However, Stage Manager is an absolute pain when you are setting up a new context or need to bring in a new window to a group. Shift-clicking on things to bring them to your current group feels like a gigantic kludge, and is extremely fallible since you often click on the wrong window or (even worse) just switch between groups by mistake.
Also, the fact that it behaves differently whether you click on a sidebar window or its icon is just maddening, and I have to wonder what Apple UX people were thinking when they thought that was a good idea.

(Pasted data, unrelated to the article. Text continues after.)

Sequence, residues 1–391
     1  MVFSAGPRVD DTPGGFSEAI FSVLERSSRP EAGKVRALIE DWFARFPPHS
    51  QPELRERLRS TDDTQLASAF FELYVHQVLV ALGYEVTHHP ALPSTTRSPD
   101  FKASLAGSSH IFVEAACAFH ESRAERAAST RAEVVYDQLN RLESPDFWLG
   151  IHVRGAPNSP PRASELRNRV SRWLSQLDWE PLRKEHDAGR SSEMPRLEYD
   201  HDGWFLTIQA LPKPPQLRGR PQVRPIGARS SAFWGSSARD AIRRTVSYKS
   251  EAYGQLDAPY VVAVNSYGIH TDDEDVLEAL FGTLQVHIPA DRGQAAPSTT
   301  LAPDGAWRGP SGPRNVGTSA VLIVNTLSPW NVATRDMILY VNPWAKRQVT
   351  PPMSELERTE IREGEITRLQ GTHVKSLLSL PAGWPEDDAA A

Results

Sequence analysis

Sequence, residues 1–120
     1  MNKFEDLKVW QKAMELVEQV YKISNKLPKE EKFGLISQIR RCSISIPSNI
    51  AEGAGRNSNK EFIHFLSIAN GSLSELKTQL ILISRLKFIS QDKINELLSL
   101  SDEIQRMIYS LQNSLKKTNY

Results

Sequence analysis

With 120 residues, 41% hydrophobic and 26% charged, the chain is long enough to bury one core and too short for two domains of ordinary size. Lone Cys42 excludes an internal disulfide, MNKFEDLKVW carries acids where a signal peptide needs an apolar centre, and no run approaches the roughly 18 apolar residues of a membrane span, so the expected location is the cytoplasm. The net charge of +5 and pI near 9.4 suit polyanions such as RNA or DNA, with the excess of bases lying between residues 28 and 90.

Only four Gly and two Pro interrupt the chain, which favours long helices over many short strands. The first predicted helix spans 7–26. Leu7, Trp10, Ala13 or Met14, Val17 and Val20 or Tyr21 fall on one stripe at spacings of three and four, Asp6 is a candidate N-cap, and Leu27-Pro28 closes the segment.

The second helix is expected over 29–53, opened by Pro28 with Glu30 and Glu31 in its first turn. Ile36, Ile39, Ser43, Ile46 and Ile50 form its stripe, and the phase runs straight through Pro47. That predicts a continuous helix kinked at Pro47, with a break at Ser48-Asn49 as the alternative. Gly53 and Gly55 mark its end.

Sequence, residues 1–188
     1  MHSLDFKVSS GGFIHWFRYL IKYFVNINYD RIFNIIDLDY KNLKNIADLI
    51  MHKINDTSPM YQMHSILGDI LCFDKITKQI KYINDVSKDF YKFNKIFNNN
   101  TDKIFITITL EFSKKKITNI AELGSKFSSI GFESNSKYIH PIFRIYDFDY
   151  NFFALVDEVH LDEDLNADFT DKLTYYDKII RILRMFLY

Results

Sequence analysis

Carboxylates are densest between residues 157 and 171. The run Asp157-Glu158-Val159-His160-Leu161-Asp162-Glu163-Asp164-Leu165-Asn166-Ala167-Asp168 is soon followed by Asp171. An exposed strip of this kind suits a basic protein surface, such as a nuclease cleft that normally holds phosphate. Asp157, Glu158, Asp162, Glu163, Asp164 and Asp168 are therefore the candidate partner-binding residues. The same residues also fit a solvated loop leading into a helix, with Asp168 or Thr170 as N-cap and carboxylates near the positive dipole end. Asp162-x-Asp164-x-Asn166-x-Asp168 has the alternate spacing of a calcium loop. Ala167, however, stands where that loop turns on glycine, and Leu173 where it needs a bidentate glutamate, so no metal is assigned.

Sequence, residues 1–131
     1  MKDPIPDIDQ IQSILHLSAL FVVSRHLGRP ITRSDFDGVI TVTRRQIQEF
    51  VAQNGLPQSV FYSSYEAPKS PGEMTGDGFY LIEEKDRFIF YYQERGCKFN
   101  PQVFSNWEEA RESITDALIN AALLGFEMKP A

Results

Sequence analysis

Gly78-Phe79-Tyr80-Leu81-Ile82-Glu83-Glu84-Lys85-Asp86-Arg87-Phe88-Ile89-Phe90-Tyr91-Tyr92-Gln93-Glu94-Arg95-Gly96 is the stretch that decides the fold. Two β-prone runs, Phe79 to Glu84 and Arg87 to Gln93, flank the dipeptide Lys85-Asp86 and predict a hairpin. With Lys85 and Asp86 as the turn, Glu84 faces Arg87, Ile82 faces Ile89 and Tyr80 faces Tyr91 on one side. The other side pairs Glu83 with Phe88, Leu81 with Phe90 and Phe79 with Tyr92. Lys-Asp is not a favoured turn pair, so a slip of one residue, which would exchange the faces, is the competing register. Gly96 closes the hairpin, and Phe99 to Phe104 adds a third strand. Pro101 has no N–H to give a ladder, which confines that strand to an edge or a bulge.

Dragging and dropping files (yes, like in ancient times, when such things were natural) is possible, but almost inevitably ends up becoming a highly visual game of whack-a-mole as you are forced to switch between a Finder window that isn’t in the group you are working in (they never are) and the target application you need to drag a file onto.
And that just highlights the fact that the window animations get really boring after a while. Yes, they’re fast, but any benefit of, say, spatial awareness they might bring is spoilt by the fact that windows all go into the same place on the side of the screen. It’s like the Genie effect when you minimize stuff to the Dock.
But the absolute worst part is actually switching between groups, which is completely broken as far as I’m concerned.